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Instant Access to State, County and Municipal Public Records

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Are Hawaii Court Records Public?

Yes, Hawaii court records are public, and like every other public record in the state, they are accessible via various means. The Hawaii Uniform Information Practices Act (UIPA) corroborates this assertion. The Act, established in 1975, stipulates that all records generated and maintained by government agencies at all levels in the state are public. They may be in written, electronic, visual, and auditory, or other forms. All the branches of the Hawaii government are subject to this Act. Individuals can request public records in Hawaii without disclosing the purpose of the request.

Disclosure of some data constitutes privacy invasion and breach of secrecy, and as such, are exemptions of the Hawaii Uniform Information Practices Act. These include criminal investigations, psychological, medical, or psychiatric information, personal files, and social services or welfare benefits information. Others are records of a current judicial proceeding in which an agency that is receiving the request is a party, budget worksheets, unfiled committee reports, and confidential government records. Generally, the Uniform Information Act gives up to ten days for record custodians to respond to a request for public records. Departments that cannot provide public records within ten days of an application must notify the requestor and ensure to complete the search within another ten days. The Office of Information Practices is dedicated to the access of Hawaii public records in the State of Hawaii.

How Do I Find Court Records in Hawaii?

The first step to take when trying to obtain court records in the State of Hawaii is to know the court where such court records reside and the case type. Interested persons may inspect and copy court records by visiting the courthouses that heard the cases of interest, provided they are not exempt from public disclosure. Additionally, the Hawaii State Judiciary created online databases for accessing public court records. While many court records are available on these platforms, some may not be at all or have incomplete case information. In such situations, the members of the public may contact the clerks of courthouses where they are being kept. Currently, the Hawaii State Judiciary uses the eCourt Kokua and Ho'ohiki platforms as online court record repositories. Each of them keeps records of different courts and cases. Interested persons may contact each Hawaii courts at the following addresses for inquiries on obtaining court records at the courthouses:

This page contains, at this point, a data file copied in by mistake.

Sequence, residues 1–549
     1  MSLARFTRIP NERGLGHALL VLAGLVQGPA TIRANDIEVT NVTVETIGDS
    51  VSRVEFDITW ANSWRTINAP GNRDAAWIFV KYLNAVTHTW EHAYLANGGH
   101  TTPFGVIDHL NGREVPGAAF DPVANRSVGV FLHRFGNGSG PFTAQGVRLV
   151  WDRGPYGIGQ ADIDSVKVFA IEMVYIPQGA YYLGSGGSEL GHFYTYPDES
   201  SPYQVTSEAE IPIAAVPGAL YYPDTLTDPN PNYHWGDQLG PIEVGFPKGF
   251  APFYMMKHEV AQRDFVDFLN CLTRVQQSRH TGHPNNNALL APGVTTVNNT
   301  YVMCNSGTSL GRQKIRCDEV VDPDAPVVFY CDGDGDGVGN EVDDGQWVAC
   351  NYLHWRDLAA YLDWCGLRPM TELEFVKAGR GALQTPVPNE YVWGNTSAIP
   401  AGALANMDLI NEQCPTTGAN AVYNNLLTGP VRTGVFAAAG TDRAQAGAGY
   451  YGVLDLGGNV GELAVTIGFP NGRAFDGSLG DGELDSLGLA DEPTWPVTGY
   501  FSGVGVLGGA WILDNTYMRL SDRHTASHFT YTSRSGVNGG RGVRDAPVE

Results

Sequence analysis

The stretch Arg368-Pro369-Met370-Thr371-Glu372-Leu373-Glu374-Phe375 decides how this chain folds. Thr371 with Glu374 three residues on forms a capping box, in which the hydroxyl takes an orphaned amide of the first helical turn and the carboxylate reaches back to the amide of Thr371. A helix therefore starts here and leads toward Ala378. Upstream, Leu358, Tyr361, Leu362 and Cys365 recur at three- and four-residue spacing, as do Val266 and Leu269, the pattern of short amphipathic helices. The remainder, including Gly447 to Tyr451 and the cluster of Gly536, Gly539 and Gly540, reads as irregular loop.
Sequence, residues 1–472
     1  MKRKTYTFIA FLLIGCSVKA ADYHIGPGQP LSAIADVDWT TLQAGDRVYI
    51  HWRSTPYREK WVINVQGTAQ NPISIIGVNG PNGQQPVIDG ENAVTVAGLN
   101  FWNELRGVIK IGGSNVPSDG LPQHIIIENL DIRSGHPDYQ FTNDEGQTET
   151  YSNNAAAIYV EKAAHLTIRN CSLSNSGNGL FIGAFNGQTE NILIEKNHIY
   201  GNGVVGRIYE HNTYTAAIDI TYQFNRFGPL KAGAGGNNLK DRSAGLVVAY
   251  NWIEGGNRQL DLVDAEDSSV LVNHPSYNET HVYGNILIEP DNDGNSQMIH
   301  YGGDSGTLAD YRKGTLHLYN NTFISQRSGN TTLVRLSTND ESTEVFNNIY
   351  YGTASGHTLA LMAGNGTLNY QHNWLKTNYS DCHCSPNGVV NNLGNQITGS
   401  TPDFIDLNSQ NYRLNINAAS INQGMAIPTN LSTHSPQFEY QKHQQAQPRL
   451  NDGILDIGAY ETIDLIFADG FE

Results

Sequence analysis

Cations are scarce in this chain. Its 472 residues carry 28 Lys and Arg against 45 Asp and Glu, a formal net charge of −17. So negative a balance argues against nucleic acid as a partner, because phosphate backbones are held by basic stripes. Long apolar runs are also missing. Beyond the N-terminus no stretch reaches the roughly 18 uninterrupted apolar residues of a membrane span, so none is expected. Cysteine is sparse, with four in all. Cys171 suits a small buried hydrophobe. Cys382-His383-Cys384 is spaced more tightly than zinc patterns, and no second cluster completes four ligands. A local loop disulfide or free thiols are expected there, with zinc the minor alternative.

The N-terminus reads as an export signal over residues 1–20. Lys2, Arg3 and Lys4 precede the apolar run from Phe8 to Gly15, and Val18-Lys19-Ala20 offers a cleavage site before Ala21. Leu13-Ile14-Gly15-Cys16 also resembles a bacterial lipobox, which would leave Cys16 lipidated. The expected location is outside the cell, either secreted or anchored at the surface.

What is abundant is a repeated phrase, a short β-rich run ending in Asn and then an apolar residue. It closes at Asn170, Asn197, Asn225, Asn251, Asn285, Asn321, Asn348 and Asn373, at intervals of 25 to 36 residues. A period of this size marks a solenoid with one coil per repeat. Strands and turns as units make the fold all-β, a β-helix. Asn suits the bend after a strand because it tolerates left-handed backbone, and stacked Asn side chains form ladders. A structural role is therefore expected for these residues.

Circuit Court

Ka`ahumanu Hale
Legal Documents Branch
777 Punchbowl Street
Honolulu, Hawaii 96813-5093
Phone: (808) 539-4300
Email: HoohikiHelp@courts.Hawaii.gov

Family Court

Ronald T. Y. Moon Judiciary Complex
Legal Documents Branch
4675 Kapolei, Hawaii 96707-3272
Phone: (808) 954-8310
Email: HoohikiHelp@courts.hawaii.gov

District Court

Kauikeaouli Hale
Legal Documents Branch – Files & Services
1111 Alakea Street
Honolulu, Hawaii 96813-2801
Phone: (808) 538-5149
(Requests strictly by mail)

Kauikeaouli Hale

Traffic Violations Bureau
1111 Alakea Street
Honolulu, Hawaii 96813-2801
Phone: (808) 538-5100

eCourt Kokua

The eCourt Kokua provides public access to specific records of certain courts in Hawaii. It is publicly available through the Hawaii State Judiciary website, and most documents on the Portal come at a fee. The Portal contains District Court civil and criminal cases, Circuit Court civil and criminal cases, Land Court and tax appeal court cases, Family (Adult) Court criminal cases, and traffic cases. Regular and certified copies of documents on the Portal currently costs $3 and $5, respectively. Users can subscribe for $125 per quarter or $500 per year for unlimited single downloads of public documents. eCourt Kokua offers three methods of finding Hawaii court records. These include:

  • Party Search - Search for case details by names of persons or business and government agency, and party ID.
  • Vehicle Search - Find case details by VIN or license plate.
  • Case Search - Search for case details on the Portal by case ID or citation number.

Once the search is complete and the case of interest displayed, users should scroll down to the Dockets section at the bottom of the page. They may then click the PDF icon of the case. A popup window will appear asking if the user wants to purchase a regular or certified copy. Select one and then click Add to Cart. There is a View/Purchase Documents tab on the eCourt Kokua page where users will find all documents already added to their carts. Interested persons may review the list, click purchase and pay with a credit card. The Hawaii State Judiciary provides a guide to purchasing documents on eCourt Kokua.

Ho'ohiki

Interested persons can access information on civil cases filed in the Family Courts using Ho'ohiki. Case information on this platform is updated every evening, daily but does not provide access to court documents. Users cannot find information from confidential suits using Ho'ohiki, but data such as case title, document list, and party list are available for public access. Requestors may query the Portal for case information by name or case IDs. Individuals who wish to copy court documents of Family Court civil cases should contact the legal documents office of the courthouse keeping such case files.

Considered open to citizens of the United States, public records are available through both traditional, government sources, and through third-party websites and organizations. In many cases, third-party websites make the search easier as they are not limited geographically or by technological limitations. They are considered a good place to start when looking for a specific record or multiple records. In order to gain access to these records, interested parties must typically provide:

  • The name of the person listed in the record. Juveniles are typically exempt from this search method. 
  • The last known or assumed location of the person listed in the record. This includes cities, counties, and states.